The Night J. Tillman Returned to KC: Father John Misty at CrossroadsKC

The Night J. Tillman Returned to KC: Father John Misty at CrossroadsKC

Photo: Guy Lowndes

Photo: Guy Lowndes

I won't try to hide it: I'm a Father John Misty devotee. I think the voice of his work is incredibly refined, and 'Bored in the USA' spoke to my sensibilities enough to get me hooked. Naturally, then, I figured covering this show would be a fairly straightforward, even natural, task. I was wrong, dear friends, and it is my hope that this piece over which I have endeavored communicates the profundity its subject made me feel. Tillman, after struggling with the very notion of being an entertainer, seems to have found peace. This show was at once a treat to newcomers, and a testament to Tillman's development as an artist.

Shrouded by smoke machines, Tillman emerged from the stage side as the opening sequence of 'Pure Comedy' began. After a faithful rendition, excited fans called out to him; if you are a fan of Father John Misty, then at this point you're aware of his penchant for stage banter. This Kansas City crowd certainly was, and they were intent on getting a rise out of him. He chuckled, and then continued into 'Total Entertainment Forever.' Without the horn section, the song endeavors to retain some of its whimsy, but Tillman's lyrical embellishments and meter-switches kept the crowd's attention -- especially those trying to sing along. Notwithstanding, the candid spontaneity of these changes give a sense of newness to each performance, and ultimately gives fans an idea of how his ideas evolve over time. One gets the sense Tillman is a Joycean artist who, having ruminated over his work for some time, decides he has much more to say.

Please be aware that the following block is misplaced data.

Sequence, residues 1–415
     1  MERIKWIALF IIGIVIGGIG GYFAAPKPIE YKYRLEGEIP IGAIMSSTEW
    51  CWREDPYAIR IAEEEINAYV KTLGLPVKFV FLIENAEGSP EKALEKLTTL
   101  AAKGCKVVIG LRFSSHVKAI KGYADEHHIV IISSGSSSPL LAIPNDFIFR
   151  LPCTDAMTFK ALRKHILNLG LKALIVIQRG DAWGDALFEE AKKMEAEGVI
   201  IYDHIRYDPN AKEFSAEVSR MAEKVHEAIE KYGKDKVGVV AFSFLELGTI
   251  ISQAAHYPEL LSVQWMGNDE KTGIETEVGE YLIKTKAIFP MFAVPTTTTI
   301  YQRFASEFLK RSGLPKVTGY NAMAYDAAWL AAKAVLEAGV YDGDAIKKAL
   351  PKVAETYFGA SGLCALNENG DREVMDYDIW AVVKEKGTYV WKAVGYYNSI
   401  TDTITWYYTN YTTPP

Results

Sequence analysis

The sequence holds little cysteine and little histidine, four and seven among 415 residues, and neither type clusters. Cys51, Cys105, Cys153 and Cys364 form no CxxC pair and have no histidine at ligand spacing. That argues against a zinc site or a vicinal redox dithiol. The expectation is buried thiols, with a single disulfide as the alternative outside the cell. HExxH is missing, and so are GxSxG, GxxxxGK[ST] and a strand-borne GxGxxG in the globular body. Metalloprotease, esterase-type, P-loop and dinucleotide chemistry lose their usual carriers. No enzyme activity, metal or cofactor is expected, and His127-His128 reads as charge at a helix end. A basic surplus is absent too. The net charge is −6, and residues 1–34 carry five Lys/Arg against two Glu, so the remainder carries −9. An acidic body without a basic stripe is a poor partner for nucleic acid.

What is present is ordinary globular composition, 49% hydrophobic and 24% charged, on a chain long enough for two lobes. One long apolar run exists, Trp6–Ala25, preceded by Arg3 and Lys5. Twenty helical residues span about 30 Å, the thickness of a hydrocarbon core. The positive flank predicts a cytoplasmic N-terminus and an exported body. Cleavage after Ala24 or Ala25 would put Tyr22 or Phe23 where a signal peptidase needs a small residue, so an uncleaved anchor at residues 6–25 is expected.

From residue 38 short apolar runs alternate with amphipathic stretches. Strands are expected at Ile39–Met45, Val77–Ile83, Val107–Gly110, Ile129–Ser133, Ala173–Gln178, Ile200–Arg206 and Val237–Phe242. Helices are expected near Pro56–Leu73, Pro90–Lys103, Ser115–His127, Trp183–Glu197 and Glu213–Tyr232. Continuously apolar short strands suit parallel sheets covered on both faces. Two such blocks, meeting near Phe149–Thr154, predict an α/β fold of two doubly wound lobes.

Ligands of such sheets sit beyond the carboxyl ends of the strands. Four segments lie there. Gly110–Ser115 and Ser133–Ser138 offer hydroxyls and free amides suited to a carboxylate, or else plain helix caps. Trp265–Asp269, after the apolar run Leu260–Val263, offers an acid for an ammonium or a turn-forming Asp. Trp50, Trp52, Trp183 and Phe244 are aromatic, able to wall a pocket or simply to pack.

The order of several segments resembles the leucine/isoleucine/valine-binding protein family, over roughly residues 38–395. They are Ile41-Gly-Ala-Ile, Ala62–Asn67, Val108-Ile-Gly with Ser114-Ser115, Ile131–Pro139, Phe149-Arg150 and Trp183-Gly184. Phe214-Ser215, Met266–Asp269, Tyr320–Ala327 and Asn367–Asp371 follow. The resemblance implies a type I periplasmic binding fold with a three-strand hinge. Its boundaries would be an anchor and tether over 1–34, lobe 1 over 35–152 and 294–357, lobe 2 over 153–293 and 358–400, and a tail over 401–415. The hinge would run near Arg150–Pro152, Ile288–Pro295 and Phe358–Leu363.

The piano introduction of 'Things It Would Have Been Helpful to Know Before the Revolution' prompted a thunderous response from the crowd, which seemed to lighten Tillman's mood a bit. This is where the fun began: responding to the energy of the crowd, he began his impromptu stage dancing -- a confident, carefree, and decidedly feminine display. As the climax of the song rang loudly, he dropped to his knees to sing: "Industry and commerce topple to their knees." A short pause before the final verse allowed a more conversational return; he gazed into the audience as if speaking to them directly in a teasing manner, inviting more rapport.

A fan cried out, "Ryan Adams sucks!" to which he replied,
"He really does," pausing for laughter, another fan yelled,
"Summer of '69!" Tillman chuckled and shook his head, positing,
"I think hearing that at every concert of your life would make you deranged... you have to sort of suck to do this sort of thing."

This encounter set the tone for a chatty and boisterous crowd, and began what would become a long line of witty-but-genuine communication between Tillman and his fans. An enchanting highlight was his KC-tailored performance of 'When You're Smiling And Astride Me.' In between sensual hip dances, he addressed the crowd while he sang; it was a subversion of performance which could only have come from someone who had struggled profoundly with the nature of his role. He paused for a moment before the final verse, and then began,

"Baby, last time I came to see you in town we had a critical misunderstanding at the Blind Tiger... You were a true asshole." Then, after namedropping social media and Kendall Jenner, concluded, "I'm going to go back to the Blind Tiger," eliciting enthusiasm from the crowd. "Anyway, one last thing," he said, and then finished the song. Immediately following this was another highlight, a performance of one of his earlier works, 'Nancy From Now On.' He seemed to enter into a different mode when he played his older songs, but this didn't detract from the masterful arrangement; the disparity between chorus and verse was marked by a slowly building crescendo, followed by an explosion into a dreamy falsetto. The result was an irresistibly danceable groove.

Midway through the show, he inquired: